Select the "DivX Pro 5.0.x Codec" (depending on your version of the DivX codec - eg. "DivX Pro 5.0.3 Codec") in the "Choose Videocompressor" window (note that you can select any codec you want here, if you don't want to convert to DivX). Press the "Configure" button, and you should see the window below (slightly modified to make the picture smaller). We'll go through each of the sections, and describe what each setting does. Please refer to the official DivX guide for more detailed and technical information on these feature.
DivX 5.0.3 introduces the notion of profiles (or standards). Basically, these are pre-programmed settings for the DivX 5.0.3 codec that conform to standards set by DivX.com. This will be more helpful in the future, when DivX enabled devices are available, and you want to make sure your DivX encodings will playback on these devices.
The four profiles currently available are Handheld, Portable, Home Theatre and High Definition.
Enter the framerate of your video here and the DivX codec will test and see if this framerate conforms to the profile/standard you have selected.
MPEG4 Tools :
These options allows you to select the three special encoding methods that will try to improve the quality of the encoding, while decreasing the file size.
DivX 5.0.3's use of profiles now limits the use of these tools, and you may only be able to select some of these options if you disable the use of profiles.
Use Quarter Pixel - This feature is not working properly in build 413 of the DivX 5.0 codec, so disable it. Not available when profiles are used
Use GMC - Global Motion Compensation (GMC) is useful in improving the quality of scenes where lots of movement (especially panning, zooming) occur. You should enable this option. Not available when profiles are used
Use Bidirectional Encoding - Bidirectional encoding allows for the use of B frames in the encoding, in addition to the I-frame (data for this frame is completely stored) and the P-Frame (predicted frame). This option also increases quality, so enable it as well. Not available for the "Handheld" profile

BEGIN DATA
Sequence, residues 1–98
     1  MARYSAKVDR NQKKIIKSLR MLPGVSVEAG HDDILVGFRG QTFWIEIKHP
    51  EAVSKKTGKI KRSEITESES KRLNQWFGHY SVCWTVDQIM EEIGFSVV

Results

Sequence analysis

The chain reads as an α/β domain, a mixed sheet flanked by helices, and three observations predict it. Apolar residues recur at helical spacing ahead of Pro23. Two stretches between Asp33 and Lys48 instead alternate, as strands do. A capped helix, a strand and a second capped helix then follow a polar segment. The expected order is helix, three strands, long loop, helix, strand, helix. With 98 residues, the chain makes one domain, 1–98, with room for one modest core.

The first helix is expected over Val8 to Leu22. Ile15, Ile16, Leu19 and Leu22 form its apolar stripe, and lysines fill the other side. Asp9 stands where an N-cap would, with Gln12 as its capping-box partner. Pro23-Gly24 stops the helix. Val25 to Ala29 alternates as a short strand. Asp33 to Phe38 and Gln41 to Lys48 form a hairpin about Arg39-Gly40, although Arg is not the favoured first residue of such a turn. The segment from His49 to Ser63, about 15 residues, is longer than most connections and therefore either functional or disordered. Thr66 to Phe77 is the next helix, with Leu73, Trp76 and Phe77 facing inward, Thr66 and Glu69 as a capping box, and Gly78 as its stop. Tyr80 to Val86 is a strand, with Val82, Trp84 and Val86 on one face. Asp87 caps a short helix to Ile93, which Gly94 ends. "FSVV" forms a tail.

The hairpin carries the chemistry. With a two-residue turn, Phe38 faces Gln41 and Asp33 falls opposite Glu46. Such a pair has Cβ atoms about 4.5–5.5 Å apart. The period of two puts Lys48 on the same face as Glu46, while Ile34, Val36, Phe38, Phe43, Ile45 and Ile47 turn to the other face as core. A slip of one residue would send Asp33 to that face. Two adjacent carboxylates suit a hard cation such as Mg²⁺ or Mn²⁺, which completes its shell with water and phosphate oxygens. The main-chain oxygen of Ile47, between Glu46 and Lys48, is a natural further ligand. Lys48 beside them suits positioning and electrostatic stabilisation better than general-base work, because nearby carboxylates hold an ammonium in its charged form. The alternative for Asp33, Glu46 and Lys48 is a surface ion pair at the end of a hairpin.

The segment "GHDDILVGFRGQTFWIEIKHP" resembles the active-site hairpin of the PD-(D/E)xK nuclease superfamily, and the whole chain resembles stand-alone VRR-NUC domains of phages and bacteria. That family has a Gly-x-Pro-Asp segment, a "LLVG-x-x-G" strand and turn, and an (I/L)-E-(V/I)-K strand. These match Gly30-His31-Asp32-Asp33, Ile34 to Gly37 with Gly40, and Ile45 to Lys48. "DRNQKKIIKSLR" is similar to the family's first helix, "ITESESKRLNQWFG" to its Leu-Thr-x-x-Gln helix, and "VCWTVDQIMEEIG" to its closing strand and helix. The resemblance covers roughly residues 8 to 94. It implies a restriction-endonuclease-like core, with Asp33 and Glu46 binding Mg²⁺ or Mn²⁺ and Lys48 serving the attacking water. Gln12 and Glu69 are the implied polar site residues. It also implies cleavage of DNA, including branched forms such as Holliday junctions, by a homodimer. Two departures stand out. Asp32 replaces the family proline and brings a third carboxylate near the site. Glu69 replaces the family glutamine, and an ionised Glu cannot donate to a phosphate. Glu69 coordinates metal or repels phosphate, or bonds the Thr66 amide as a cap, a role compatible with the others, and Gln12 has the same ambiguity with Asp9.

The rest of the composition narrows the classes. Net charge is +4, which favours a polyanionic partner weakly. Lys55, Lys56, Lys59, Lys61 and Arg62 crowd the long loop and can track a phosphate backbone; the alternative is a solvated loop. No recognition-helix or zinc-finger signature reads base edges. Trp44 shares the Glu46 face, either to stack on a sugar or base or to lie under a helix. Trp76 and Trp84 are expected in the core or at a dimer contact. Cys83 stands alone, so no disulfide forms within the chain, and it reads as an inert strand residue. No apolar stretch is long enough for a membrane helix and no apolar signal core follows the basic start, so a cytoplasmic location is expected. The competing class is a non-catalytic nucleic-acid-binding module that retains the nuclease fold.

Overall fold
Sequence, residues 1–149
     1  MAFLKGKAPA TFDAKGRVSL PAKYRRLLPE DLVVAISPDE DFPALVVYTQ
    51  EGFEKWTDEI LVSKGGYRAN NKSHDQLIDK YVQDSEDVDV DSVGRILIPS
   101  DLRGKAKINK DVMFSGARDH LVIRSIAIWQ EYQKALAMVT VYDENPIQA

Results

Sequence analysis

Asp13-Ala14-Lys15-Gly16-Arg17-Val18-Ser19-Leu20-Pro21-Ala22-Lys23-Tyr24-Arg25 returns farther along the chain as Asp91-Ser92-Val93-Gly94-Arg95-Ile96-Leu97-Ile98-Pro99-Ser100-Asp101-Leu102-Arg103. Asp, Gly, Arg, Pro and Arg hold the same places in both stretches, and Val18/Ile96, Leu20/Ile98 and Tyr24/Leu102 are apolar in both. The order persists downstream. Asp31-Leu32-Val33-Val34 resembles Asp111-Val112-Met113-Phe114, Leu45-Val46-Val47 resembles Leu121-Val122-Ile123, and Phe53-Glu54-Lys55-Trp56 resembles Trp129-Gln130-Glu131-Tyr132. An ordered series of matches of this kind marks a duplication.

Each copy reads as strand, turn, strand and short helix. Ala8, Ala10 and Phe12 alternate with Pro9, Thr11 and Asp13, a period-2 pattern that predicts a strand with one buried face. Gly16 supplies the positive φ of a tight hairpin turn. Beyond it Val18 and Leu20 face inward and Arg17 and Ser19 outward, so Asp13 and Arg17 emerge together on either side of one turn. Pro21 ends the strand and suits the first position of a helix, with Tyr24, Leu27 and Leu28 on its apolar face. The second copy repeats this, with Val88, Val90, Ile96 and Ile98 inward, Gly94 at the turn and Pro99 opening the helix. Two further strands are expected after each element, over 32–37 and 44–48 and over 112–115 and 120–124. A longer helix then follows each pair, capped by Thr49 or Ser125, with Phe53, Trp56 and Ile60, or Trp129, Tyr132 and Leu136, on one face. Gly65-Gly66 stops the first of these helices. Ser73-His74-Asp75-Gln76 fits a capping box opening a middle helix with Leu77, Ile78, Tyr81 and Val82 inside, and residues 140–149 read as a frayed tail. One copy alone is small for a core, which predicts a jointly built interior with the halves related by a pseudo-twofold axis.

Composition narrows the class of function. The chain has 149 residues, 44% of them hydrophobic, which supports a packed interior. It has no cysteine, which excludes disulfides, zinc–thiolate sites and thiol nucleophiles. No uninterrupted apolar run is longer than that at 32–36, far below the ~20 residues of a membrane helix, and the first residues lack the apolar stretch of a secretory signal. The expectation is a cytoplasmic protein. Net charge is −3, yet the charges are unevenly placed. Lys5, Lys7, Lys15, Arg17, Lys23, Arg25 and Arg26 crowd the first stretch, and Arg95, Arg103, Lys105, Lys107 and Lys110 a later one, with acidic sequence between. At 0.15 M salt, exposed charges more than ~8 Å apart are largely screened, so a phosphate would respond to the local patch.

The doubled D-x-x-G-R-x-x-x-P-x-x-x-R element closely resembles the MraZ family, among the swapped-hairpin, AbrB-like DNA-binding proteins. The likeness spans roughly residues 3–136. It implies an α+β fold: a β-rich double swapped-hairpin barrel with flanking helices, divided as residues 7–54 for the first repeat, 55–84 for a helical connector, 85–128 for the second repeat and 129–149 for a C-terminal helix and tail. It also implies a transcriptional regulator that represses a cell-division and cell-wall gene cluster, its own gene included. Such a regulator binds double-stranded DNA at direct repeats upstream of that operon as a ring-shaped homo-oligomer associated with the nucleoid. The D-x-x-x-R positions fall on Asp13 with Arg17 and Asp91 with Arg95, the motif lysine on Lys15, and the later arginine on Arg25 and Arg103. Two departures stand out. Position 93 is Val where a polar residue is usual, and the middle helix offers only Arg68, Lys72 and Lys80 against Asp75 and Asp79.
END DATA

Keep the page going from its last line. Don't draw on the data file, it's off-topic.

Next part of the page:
Choose the type of encoding method for this codec. "1-pass" encoding is similar to DivX 3.11 Alpha's "low motion" encoding. "1-pass quality based" encoding is basically constant bitrate encoding (same bitrate used for every frame), and is similar to the compression used in MPEG-1 movies (ie. crappy compression). "2-pass" is the best encoding option (for smallest file size, and best quality) - unfortunately, it takes twice the time of "1-pass" encoding, but the results may be worth it - 2-pass uses the bitrate you selected as appropriately as possible, to give you both an accurate file size (good if you are using bitrate calculators - make sure you get a DivX 4.x/5.0.x compatible calculator) and the best possible looking picture given that bitrate.
New in Version 5.0.3 : DivX 5.0.3 Pro adds Nth pass encoding. Previously, only 2-passes were available. Now, you can have as many passes as you want, with each pass giving the DivX codec more information to work with, and hence, achieve a higher quality encoding (at the expense of time, of course).
Using Nth pass encoding is similar to using 2-pass encoding : you have a common first pass using the "Multipass - 1st pass", and then subsequent passes can be performed using the "Multipass - nth pass" settings.
Max bitrate : - New in Version 5.0.3 (for profile-less "Multipass - nth pass" mode only)
The maximum bit-rate to use during encoding - required by certain DivX/MPEG-4 devices that cannot handle large bit-rates. Max bitrate is not yet implemented in the DivX 5.0.3.
This is the bit rate setting for the video. A setting of 1500 will produce very good quality video (lower will mean a smaller file size, but poorer quality). Don't go below 650 (650-1000 for 1 CD movies), and there is probably not too much point in going over 2000 (1300-2000 for 2 CDs).
This allows you to tell how much motion your source video has, and let the DivX codec decide on the best way to encode this video source. Drag the slider towards "high-motion" or "low-motion" depending on your source.